Learn more about Yamanashi Prefecture
|Image:Japan Yamanashi large.png|
|Area||4,465.37 km² (32nd)|
|- % water||1.3%|
|Population (October 1, 2005)|
|- Population||884,531 (41st)|
|- Density||198 /km²|
|Website|| Official Website|
|- Flower||Fujizakura (Sakura)|
|- Tree||Kaede (Japanese maple)|
|- Bird||Uguisu (Bush warbler)|
Symbol of Yamanashi Prefecture
Yamanashi Prefecture is bordered by Tokyo, Kanagawa, Saitama, Shizuoka, and Nagano. The prefecture is landlocked, and surrounded by mountains with a narrow central valley. Mount Fuji forms part of the southern boundary.
 Towns and villages
Towns and villages in each district:
- March 1, 2003-the towns of Tomizawa and Nambufrom Minamikoma District merged to form the new town of Nambu.
- April 1, 2003-the municipalities of Shirane, Wakakusa, Kushigata, Kouzai, Hatta and Ashiyasu (all from Nakakoma District) merged to form the new city of Minami-arupusu.
- November 15, 2003-the municipalities of Kawaguchiko, Katsuyama and Ashiwada from Minamitsuru District merged to form the new town of Fujikawaguchiko.
- September 1, 2004-the town of Futaba from Kitakoma District and the towns of Ryuou and Shikishima from Nakakoma District merged to form the new city of Kai.
- September 13, 2004-the towns of Nakatomi from Minamikoma District and Shimobe from Nishiyatsushiro District merged into the town of Minobu.
- October 12, 2004-the municipalities of Ichinomiya, Isawa, Misaka, Sakaigawa and Yatasushiro (all from Higashiyatsushiro District) and the town of Kasugai from Higashiyamanashi District merged to form the new city of Fuefuki.
- November 1, 2004-the municipalities of Akeno, Hakushu, Mukawa, Nagasaka, Oizumi, Sutama and Takane (all from Kitakoma District) merged to form the new city of Hokuto.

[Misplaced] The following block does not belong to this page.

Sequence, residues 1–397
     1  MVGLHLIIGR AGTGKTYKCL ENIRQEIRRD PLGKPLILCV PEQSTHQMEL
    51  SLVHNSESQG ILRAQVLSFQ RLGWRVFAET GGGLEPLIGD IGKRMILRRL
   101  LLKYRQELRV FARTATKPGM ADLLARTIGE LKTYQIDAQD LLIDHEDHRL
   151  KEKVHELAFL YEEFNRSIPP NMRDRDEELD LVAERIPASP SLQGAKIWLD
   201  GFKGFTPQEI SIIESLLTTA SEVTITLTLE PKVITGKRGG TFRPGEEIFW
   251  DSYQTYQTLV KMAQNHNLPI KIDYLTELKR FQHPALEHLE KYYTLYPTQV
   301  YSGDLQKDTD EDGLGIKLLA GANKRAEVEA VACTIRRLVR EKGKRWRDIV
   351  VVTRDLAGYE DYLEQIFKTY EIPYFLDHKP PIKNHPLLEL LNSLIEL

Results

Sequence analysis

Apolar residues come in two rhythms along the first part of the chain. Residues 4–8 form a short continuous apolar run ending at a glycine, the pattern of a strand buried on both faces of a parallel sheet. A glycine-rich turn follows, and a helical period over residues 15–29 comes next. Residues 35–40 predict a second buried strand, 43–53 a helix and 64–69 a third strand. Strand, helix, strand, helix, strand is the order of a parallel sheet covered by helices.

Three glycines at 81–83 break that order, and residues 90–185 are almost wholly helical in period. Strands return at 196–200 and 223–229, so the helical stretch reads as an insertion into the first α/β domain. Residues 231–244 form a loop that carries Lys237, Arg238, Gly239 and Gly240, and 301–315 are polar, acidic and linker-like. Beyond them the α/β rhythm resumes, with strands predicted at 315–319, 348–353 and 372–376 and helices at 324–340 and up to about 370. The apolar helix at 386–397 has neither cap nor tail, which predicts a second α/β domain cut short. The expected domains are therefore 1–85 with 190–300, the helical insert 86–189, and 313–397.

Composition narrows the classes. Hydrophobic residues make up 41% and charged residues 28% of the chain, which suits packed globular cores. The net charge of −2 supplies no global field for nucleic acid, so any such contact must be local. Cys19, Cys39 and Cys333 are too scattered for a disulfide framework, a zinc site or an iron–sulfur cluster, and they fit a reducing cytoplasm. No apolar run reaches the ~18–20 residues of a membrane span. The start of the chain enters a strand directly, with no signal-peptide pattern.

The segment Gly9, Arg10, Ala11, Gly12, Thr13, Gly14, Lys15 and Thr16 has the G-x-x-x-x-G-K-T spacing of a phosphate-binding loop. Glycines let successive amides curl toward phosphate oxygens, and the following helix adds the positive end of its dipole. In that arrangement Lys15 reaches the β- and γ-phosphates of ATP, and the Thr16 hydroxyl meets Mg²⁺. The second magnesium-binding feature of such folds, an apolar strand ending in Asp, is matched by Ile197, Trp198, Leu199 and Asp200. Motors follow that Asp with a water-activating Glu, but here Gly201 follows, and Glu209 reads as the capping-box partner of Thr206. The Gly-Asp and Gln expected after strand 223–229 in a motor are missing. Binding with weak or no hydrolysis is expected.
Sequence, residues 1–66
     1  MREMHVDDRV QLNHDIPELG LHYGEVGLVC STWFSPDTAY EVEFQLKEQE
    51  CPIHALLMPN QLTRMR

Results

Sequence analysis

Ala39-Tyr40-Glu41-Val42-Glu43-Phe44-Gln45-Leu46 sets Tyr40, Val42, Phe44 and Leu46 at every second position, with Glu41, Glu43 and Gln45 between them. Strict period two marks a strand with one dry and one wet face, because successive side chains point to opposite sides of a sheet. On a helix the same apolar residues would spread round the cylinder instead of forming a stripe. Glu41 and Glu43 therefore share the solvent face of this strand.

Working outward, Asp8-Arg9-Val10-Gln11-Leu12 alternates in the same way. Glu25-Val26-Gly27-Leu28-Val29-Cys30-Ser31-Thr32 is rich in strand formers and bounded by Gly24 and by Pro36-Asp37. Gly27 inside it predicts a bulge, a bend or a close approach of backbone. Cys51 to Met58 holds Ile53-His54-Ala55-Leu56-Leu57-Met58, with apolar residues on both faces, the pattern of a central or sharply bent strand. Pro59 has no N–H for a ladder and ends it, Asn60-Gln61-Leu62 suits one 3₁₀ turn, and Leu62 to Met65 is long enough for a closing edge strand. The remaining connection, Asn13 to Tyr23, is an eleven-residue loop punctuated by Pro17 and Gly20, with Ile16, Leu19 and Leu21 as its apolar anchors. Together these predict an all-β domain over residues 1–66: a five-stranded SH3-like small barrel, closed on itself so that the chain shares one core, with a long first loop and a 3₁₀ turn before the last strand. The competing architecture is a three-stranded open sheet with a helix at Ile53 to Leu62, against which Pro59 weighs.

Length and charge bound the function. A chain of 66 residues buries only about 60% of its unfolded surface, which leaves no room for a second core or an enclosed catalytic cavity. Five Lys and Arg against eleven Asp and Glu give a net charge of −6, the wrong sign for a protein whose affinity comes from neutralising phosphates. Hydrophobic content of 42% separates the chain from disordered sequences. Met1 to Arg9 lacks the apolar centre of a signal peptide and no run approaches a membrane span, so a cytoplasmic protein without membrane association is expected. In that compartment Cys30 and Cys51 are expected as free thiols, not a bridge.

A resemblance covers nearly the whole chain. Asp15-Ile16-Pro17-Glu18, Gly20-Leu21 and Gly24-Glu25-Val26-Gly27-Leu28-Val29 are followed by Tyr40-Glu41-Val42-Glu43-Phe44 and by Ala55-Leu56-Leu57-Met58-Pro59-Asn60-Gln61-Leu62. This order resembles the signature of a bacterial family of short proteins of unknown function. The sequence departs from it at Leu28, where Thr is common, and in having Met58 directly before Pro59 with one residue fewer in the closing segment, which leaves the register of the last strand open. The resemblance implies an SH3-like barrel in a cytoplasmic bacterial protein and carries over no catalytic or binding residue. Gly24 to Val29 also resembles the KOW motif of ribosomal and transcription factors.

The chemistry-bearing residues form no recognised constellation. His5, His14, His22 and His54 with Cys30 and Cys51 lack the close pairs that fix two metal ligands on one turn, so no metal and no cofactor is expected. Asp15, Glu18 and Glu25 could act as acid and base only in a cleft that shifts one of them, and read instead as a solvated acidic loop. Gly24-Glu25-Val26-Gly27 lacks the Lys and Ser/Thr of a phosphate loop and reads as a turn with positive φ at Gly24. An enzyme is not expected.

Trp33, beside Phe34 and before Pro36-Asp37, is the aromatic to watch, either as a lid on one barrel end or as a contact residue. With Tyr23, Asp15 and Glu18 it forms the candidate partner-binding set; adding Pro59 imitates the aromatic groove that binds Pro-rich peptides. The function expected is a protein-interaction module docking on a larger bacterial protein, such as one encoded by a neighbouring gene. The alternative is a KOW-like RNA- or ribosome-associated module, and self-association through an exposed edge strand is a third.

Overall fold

- February 13, 2005-the town of Uenohara from Kitatsuru District merged with the village of Akiyama from Minamitsuru District to become city of Uenohara.
- March 22, 2005-the town of Makioka and the village of Mitomi from Higashiyamanashi District merged into the city of Yamanashi to form the new city of Yamanashi.
- October 1, 2005-the towns of Ichikawadaimon, Mitama and Rokugo (all from Nishiyatsushiro District) merged to form the new town of Ichikawamisato.
- November 1, 2005-the city of Enzan merged with the towns of Katsunuma and Yamato (both from Higashiyamanashi District) to form the new city of Kōshū. Higashiyamanashi District was dissolved as a result of this merger.
- February 20, 2006-the towns of Tamaho and Tatomi from Nakakoma District and the village of Toyotomi from Higashiyatsushiro District merged to form the new city of Chūō.
- March 1, 2006-
- The northern part of Kamikuishiki from Nishiyatsushiro District (Furuseki, Kakehashi) and the town of Nakamichi from Higashiyatsushiro District merged into the city of Kofu.
- The southern part of Kamikuishiki from Nishiyatsushiro District (Fujigane, Motosu, Shoji) merged into the town of Fujikawaguchiko in Minamitsuru District.
- March 15, 2006-the town of Kobuchisawa from Kitakoma District merged into the city of Hokuto. Kitakoma District was dissolved as a result of this merger.
- August 1, 2006-the city of Fuefuki absorbed the village of Ashigawa, the only village left in Higashiyatsushiro District. Higashiyatsushiro District is now dissolved.
Yamanashi has a sizable industrial base in and around Kofu city. The surrounding area is host to a number of farms and vineyards. Yamanashi is one of the major fruit producing regions in Japan. The prefecture is famous for the size and quality of its grapes and peaches.
Yamanashi Prefecture has a sizable minority of Brazilians, approximately 15,000 people. The prefecture also contains a number of Nigerians and Indians.
Yamanashi is a popular destination for tourism. Mount Fuji, the Fuji Five Lakes region, the city of Kofu, the nearby wineries, the fine temple Erin-ji, and the popular Kuonji temple are a few of the most popular places to visit. Also, amusement park called Fuji-Q Highland with their newest roller coaster Eejanaika (roller coaster).
Eco-Tourism is very popular here. The natural topography of the region makes Yamanashi a hikers paradise. The tallest, Mt. Fuji, and second tallest mountains in Japan are both located within this prefecture. Although not as tall, Mount Minobu offers stunning views if one joins the Buddhist pilgrims up to the summit of the mountain.
Given the areas volcanic activity, natural hot springs Onsens are found in abundance. Some of the more famous are Isawa Onsen and Yamanami Onsen.
 Prefectural symbols
 External links
|Chuo | Fuefuki | Fujiyoshida | Hokuto | Kofu (capital) | Kai | Koshu | Minami-arupusu | Nirasaki | Otsuki | Tsuru | Uenohara | Yamanashi|
|Kitatsuru | Minamikoma | Minamitsuru | Nakakoma | Nishiyatsushiro|